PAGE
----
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Out of Mind, Out of Voice: Slave-Girls and Prophetic Daughters in Luke-Acts

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image of Biblical Interpretation

The promise in Acts 2 (disclosed in Peter's programmatic citation of Joel at Pentecost) that women in general and female slaves in particular will become Spirit-inspired prophets is never fully realized and is even resisted to some degree within the wider Lukan narrative. An examination of three cases involving direct speech by slave-girls (paidiskai) in Luke-Acts, set within diverse literary and social contexts (Lk. 22.54-62; Acts 12.12-17; 16.16-18), uncovers a consistent pattern of truthful proclamation on the part of each slave-girl followed, however, by some form of repudiation-even stigmatization-of her and her message. Despite its more inclusive and receptive ideals, ultimately Luke-Acts more mirrors than challenges conventional first-century Mediterranean society in its suppression of lower-class female voices.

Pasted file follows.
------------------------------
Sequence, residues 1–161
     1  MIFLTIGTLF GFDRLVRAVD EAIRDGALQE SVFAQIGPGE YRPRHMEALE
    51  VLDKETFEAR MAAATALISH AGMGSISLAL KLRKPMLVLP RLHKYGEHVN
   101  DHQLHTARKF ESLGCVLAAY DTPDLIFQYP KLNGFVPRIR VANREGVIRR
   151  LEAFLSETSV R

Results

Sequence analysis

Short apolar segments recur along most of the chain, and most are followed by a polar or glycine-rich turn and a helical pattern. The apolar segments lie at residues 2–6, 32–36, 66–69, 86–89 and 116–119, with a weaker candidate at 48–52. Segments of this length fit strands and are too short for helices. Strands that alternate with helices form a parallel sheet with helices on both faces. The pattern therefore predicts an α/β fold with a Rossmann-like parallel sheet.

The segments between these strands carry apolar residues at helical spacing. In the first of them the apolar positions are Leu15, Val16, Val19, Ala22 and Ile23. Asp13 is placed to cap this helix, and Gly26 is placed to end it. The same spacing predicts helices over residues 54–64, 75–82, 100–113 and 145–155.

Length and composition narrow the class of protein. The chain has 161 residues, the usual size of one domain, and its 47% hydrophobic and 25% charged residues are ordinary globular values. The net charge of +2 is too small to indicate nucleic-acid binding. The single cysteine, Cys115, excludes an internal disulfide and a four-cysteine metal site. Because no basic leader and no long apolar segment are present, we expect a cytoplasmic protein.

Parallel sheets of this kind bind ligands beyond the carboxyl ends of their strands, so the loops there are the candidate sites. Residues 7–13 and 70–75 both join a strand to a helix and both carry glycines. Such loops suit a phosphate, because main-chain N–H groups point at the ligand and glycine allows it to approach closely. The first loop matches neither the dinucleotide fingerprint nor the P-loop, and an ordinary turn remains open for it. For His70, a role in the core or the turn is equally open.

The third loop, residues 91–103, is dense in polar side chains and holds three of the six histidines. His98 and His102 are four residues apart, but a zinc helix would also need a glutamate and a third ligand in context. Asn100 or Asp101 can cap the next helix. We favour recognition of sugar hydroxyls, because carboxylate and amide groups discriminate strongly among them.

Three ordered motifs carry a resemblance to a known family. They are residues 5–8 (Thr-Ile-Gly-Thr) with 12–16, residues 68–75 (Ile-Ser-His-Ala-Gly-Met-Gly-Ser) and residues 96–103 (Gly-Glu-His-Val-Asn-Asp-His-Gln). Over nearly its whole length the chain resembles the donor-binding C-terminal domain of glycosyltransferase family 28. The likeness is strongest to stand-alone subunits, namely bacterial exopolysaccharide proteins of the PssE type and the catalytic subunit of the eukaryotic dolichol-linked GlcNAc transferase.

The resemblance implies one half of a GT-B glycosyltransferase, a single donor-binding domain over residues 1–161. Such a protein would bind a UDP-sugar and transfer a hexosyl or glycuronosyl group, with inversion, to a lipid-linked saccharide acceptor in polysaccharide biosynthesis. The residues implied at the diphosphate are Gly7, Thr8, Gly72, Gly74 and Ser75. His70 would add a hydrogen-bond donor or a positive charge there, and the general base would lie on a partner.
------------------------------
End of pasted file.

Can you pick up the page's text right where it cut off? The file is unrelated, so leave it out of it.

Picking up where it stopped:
Affiliations: 1: Wingate University


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